“The effort to randomize high school admissions outraged many families, driving many out of the system, into private or parochial schools, or moving out of the city entirely,” he wrote. “Many (Asian American and Pacific Islander) families in particular have voiced concerns that the city’s lottery system further marginalized our too often overlooked community.”

New York City Mayor Eric Adams has repeatedly criticized New York City schools for historically leaving Black, Latino and low-income students out of important programming and “betraying” them by not helping them reach key academic metrics. But instead of eliminating selective programming he’s worked to create additional opportunities for those students who’ve been left out, such as adding seats to elementary school’s gifted and talented programs (de Blasio had pledged to eliminate the program).

In line with this philosophy, the city also announced plans to open three new schools by fall 2024 which will center on “accelerated learning,” giving students in the South Bronx, Southeast Queens and Ocean Hill-Brownsville access to specialized programs without having to travel to other parts of the city.

During a Thursday press conference, Banks described the changes as something that will increase access for communities who’ve been locked out of screened schools while rewarding students who put hard work into academics. He said the decision also comes in wake of a sweeping six month process in which city officials met with students, parents, principals, school counselors, advocacy groups and Community Education Councils to discuss how to best transform middle and high school admissions.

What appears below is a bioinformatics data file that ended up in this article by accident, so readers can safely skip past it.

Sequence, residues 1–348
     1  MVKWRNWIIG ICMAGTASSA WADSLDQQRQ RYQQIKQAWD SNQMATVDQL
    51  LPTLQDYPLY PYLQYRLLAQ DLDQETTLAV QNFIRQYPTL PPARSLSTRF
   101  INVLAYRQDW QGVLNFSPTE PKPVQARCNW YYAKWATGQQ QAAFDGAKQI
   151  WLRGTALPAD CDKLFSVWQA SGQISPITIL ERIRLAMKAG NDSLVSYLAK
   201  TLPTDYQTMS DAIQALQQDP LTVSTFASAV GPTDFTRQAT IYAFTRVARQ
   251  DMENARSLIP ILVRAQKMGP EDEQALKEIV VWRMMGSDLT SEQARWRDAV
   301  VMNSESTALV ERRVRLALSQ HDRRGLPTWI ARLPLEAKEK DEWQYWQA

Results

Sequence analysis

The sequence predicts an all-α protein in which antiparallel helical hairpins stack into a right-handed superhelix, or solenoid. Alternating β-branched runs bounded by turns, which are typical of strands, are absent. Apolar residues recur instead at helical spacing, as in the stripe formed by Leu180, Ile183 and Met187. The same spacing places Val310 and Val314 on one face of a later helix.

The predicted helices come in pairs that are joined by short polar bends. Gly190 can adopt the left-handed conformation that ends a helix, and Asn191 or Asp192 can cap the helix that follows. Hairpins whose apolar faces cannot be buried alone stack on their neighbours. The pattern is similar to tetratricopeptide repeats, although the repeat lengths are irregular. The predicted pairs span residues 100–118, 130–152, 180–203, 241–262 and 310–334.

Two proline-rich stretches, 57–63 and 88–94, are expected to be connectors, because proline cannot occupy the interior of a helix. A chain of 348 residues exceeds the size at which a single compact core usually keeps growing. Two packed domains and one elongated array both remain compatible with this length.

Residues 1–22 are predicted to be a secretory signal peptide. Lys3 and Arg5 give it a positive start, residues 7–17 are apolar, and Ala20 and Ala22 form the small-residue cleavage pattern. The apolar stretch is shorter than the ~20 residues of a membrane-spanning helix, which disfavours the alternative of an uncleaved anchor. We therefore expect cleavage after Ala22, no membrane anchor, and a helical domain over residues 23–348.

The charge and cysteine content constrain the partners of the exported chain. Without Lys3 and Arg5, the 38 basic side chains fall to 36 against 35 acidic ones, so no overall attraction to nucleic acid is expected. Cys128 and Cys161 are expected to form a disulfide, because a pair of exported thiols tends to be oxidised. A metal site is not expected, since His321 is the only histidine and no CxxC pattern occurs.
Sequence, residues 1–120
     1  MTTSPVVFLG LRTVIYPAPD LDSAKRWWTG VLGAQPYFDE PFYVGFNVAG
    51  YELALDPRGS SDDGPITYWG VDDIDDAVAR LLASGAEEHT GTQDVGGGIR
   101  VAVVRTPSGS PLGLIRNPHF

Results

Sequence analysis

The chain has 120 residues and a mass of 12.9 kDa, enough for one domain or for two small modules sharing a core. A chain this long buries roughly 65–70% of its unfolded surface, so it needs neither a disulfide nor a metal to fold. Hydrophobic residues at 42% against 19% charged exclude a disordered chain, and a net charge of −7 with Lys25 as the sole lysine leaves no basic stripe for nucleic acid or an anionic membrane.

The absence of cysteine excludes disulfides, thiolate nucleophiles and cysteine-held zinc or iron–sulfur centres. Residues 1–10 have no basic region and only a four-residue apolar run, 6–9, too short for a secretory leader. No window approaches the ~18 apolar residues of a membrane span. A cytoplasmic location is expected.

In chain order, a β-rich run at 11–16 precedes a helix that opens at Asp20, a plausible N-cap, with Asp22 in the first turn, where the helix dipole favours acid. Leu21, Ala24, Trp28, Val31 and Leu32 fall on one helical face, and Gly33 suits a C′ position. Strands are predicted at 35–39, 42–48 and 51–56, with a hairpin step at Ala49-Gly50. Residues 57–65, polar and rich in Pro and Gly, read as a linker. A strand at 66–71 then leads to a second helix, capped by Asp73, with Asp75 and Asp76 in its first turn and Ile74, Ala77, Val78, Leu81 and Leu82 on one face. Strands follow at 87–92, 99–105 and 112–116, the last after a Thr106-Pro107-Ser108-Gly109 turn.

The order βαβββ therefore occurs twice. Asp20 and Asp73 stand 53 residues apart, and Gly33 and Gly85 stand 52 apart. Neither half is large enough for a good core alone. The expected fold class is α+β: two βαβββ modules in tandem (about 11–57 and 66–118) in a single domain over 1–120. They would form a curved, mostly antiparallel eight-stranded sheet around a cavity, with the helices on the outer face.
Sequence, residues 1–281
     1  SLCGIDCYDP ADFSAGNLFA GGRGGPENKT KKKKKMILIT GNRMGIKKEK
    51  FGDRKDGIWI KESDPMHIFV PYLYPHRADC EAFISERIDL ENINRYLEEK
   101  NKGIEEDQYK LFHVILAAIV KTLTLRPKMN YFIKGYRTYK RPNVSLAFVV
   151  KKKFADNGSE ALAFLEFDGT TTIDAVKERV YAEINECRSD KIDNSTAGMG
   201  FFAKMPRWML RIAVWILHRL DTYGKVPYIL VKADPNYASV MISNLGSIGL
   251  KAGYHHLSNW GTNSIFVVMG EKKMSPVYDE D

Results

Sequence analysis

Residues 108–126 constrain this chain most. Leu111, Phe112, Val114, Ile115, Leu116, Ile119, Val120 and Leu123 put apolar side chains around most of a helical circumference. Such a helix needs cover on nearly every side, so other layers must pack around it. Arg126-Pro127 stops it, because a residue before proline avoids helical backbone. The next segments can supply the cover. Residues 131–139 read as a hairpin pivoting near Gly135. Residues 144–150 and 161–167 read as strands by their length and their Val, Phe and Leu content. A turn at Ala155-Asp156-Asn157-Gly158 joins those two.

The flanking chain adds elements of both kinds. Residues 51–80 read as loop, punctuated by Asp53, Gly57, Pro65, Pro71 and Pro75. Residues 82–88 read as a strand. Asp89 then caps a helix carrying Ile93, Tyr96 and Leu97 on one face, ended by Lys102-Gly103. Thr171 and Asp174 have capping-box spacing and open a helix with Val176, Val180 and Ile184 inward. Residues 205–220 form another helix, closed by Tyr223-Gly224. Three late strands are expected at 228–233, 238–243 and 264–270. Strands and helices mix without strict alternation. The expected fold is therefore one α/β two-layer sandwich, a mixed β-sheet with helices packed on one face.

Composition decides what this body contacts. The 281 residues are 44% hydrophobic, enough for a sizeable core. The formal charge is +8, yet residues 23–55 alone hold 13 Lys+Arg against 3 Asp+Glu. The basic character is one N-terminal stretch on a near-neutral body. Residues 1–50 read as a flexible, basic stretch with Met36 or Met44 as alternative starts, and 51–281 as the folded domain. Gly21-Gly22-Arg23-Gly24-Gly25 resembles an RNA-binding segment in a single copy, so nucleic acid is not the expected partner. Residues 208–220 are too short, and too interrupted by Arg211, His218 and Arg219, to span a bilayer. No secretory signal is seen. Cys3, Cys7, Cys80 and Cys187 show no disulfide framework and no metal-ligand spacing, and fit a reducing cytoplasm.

“Six months ago, I promised that we would reform our enrollment and admissions policies and expand access to quality schools,” Banks said in a statement. “Today, I present changes that take steps toward streamlining our policies, promoting transparency, and making it easier for families to find the right school for their child.” 

Under the new policy, eighth graders scoring in the top 15% of their school or citywide – whichever cutoff is lower – will have first access to a slate of screened high schools that don’t boast their own school-based assessment as long as they have an average GPA of 90 or above. Those who fall in a second group – students with an average of at least an 80 falling in the highest 30% – will be considered for available seats next, and so on and so forth for a total of five different groups. 

Some officials, including New York City Comptroller Brad Lander, expressed concerns that lifting the pause on academic screeners for middle schools won’t actually help bolster diversity in schools. 

“Sorting children into pathways that have immense power to determine their futures, based on their grades when they are eight- or nine-years-old, is inconsistent with a vision for a city where everyone has an equal opportunity to thrive,” he said in a statement. “Restoring middle-school screens will reinforce segregation in our schools. It elevates the notion that some children deserve “good schools” while the vast majority do not.”

High school applications will open on Oct. 12 with middle school following a few weeks later on Oct. 26 – earlier than the year prior. Admission decisions will also be released much earlier in March and April respectively.